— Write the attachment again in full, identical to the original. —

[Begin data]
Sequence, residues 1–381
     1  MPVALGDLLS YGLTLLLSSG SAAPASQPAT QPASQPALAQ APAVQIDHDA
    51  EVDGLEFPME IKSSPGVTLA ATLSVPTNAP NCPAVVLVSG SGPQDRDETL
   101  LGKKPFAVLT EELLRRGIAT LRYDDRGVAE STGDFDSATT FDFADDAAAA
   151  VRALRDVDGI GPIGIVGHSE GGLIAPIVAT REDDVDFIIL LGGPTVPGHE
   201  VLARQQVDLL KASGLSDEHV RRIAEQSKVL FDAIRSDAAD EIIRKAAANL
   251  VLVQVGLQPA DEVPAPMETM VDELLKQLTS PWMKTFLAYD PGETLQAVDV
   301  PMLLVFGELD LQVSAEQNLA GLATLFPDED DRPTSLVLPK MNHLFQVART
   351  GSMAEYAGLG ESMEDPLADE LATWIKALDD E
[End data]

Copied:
Sequence, residues 1–381
     1  MPVALGDLLS YGLTLLLSSG SAAPASQPAT QPASQPALAQ APAVQIDHDA
    51  EVDGLEFPME IKSSPGVTLA ATLSVPTNAP NCPAVVLVSG SGPQDRDETL
   101  LGKKPFAVLT EELLRRGIAT LRYDDRGVAE STGDFDSATT FDFADDAAAA
   151  VRALRDVDGI GPIGIVGHSE GGLIAPIVAT REDDVDFIIL LGGPTVPGHE
   201  VLARQQVDLL KASGLSDEHV RRIAEQSKVL FDAIRSDAAD EIIRKAAANL
   251  VLVQVGLQPA DEVPAPMETM VDELLKQLTS PWMKTFLAYD PGETLQAVDV
   301  PMLLVFGELD LQVSAEQNLA GLATLFPDED DRPTSLVLPK MNHLFQVART
   351  GSMAEYAGLG ESMEDPLADE LATWIKALDD E